For the last decade, advances in machine learning have come from two things: improved compute power and better algorithms. These two areas have become somewhat siloed in most people’s thinking: we tend to imagine that there are people who build hardware, and people who make algorithms, and that there isn’t much overlap between the two.
But this picture is wrong. Hardware constraints can and do inform algorithm design, and algorithms can be used to optimize hardware. Increasingly, compute and modelling are being optimized together, by people with expertise in both areas.
My guest today is one of the world’s leading experts on hardware/software integration for machine learning applications. Max Welling is a former physicist and currently works as VP Technologies at Qualcomm, a world-leading chip manufacturer, in addition to which he’s also a machine learning researcher with affiliations at UC Irvine, CIFAR and the University of Amsterdam. Max has many insights to share about the current state of research in machine learning, as well as the future direction of the field, and here were some of my favourite take-homes from the conversation:
Computations cost energy, and drain phone batteries quickly, so machine learning engineers and chipmakers need to come up with clever ways to reduce the computational cost of running deep learning algorithms. One way this is achieved is by compressing neural networks, or identifying neurons that can be removed with minimal consequences for performance, and another is to reduce the number of bits used to represent each network parameter (sometimes all the way down to one bit!). These strategies tend to be used together, and they’re related in some fairly profound ways.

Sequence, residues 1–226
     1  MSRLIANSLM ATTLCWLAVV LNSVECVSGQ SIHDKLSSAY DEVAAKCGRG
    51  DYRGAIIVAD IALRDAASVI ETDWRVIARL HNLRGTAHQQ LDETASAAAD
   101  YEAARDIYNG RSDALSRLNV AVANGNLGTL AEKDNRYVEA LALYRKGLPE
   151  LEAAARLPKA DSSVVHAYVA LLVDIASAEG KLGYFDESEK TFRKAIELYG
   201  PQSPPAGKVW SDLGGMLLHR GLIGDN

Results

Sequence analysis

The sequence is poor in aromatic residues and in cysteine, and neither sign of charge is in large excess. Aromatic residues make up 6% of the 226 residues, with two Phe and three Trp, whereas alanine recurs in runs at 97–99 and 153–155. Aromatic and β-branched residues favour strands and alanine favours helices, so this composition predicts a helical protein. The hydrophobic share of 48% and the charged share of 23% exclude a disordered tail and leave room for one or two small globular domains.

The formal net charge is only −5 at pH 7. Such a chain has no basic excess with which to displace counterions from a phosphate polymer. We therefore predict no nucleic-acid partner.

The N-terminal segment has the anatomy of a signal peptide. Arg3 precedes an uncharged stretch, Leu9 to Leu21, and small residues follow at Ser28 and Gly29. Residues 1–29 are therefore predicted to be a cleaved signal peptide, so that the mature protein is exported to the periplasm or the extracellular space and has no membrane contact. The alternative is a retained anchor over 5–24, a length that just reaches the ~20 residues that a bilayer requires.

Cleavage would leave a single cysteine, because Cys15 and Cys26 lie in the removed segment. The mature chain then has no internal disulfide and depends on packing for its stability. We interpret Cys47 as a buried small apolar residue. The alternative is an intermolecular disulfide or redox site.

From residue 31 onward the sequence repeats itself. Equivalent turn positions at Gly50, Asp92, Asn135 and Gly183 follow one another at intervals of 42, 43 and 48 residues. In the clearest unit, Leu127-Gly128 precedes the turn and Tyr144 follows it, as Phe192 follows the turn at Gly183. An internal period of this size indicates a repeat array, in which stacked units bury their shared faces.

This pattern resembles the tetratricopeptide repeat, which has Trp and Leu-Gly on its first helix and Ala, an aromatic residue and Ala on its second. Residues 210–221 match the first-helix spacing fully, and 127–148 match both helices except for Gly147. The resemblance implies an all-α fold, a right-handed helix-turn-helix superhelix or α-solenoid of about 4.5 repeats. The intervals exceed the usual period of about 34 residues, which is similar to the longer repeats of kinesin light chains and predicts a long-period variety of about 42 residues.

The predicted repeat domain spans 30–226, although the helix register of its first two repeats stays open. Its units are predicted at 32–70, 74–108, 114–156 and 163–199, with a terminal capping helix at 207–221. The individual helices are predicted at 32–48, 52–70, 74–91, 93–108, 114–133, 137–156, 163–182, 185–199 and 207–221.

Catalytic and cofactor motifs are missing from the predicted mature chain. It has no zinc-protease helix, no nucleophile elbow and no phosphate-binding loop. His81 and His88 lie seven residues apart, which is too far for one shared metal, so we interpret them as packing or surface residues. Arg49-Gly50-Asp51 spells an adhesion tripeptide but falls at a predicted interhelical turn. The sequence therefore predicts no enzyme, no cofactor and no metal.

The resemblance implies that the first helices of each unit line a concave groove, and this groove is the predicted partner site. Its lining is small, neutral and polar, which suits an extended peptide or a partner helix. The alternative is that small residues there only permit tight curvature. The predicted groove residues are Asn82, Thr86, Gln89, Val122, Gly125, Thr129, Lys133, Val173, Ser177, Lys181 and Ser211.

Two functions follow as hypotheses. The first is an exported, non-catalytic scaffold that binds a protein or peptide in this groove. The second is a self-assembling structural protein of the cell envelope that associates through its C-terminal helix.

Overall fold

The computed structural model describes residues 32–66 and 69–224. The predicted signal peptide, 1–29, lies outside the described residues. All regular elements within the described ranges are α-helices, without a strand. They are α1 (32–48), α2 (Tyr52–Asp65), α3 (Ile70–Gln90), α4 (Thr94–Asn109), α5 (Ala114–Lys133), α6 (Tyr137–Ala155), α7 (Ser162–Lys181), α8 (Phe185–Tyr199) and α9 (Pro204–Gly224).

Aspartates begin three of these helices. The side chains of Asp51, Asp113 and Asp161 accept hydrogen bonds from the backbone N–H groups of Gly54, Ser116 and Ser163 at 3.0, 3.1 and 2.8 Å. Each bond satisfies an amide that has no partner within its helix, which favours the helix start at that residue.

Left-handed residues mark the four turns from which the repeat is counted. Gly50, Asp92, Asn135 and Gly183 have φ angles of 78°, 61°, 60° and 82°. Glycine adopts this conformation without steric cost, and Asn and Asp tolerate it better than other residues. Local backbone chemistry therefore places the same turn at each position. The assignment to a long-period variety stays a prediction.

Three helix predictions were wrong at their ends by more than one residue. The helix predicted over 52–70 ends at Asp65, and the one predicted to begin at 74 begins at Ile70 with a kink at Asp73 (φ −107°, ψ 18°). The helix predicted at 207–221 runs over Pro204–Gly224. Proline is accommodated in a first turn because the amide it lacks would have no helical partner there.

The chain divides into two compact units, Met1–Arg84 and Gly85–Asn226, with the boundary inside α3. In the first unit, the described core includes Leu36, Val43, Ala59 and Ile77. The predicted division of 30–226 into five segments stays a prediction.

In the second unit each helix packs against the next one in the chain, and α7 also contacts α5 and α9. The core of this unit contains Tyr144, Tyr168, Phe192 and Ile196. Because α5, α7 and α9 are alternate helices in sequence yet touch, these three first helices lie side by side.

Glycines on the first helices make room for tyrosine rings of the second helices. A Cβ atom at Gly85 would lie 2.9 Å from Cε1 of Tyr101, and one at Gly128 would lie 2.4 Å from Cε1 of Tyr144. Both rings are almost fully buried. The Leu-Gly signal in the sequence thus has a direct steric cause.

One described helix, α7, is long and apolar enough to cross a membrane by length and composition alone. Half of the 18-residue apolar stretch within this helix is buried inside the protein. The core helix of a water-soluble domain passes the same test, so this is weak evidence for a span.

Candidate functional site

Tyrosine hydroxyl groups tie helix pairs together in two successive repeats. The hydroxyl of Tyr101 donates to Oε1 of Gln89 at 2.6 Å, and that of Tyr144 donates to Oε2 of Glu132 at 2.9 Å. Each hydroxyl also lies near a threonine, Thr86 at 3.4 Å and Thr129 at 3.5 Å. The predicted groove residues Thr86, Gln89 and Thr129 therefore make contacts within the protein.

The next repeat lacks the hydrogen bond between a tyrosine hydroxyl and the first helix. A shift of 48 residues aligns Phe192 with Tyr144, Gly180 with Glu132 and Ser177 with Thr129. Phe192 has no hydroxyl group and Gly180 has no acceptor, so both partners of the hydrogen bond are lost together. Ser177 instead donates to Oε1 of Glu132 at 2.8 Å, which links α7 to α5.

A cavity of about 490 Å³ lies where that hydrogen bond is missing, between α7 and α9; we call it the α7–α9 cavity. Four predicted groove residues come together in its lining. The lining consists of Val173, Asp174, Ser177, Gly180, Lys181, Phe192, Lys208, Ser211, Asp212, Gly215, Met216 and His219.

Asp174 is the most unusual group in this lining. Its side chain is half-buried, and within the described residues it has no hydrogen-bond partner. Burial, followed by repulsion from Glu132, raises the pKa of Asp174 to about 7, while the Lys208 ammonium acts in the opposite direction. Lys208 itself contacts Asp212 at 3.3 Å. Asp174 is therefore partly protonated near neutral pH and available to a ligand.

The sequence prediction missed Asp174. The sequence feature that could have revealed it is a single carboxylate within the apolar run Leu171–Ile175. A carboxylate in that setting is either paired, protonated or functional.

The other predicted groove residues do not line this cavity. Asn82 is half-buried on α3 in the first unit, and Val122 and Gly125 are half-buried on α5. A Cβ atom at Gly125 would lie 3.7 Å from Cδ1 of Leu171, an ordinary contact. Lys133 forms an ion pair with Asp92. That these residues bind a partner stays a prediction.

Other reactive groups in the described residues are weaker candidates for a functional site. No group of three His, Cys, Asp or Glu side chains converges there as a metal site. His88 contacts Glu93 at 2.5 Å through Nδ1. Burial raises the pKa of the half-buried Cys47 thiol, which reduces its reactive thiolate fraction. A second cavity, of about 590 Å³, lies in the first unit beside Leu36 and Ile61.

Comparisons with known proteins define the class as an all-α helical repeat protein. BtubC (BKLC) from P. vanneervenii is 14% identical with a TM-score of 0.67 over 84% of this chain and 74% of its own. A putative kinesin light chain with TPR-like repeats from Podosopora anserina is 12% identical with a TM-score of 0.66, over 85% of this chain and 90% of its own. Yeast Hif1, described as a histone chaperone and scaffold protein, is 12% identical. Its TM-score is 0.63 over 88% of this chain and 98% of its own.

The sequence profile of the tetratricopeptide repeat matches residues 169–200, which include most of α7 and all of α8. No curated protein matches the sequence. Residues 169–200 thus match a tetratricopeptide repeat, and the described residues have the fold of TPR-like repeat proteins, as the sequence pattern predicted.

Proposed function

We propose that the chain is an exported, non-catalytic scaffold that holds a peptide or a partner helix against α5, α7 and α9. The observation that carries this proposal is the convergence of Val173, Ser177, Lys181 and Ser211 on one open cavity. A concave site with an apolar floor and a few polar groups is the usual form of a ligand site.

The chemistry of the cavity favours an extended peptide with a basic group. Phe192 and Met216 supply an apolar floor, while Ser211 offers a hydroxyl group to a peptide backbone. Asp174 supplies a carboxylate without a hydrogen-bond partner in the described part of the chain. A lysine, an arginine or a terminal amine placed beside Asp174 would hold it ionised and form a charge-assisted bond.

Currently, machine learning models are trained on very specific problems (like classifying images into a few hundred categories, or translating from one language to another), and they immediately fail if they’re applied even slightly outside of the domain they were trained for. A computer vision model trained to recognize facial expressions on a dataset featuring people with darker skin will underperform when tested on a different dataset featuring people with lighter skin, for example. Life experience teaches humans that skin tone shouldn’t affect interpretations of facial features, yet this minor difference is enough to throw off even cutting-edge algorithms today.
So the real challenge is generalizability — something that humans still do much better than machines. But how can we train machine learning algorithms to generalize? Max believes that the answer has to do with the way humans learn: unlike machines, our brains seem to focus on learning physical principles, like “when I take one thing and throw it at another thing, those things bounce off each other.” This reasoning is somewhat independent of what those two things are. By contrast, machines tend to learn in the other direction, reasoning not in terms of universal patterns or laws, but rather in terms of patters that hold for a very particular problem class.
For that reason, Max feels that the most promising future areas of progress in machine learning will concentrate on learning logical and physical laws, rather than specific applications of those laws or principles.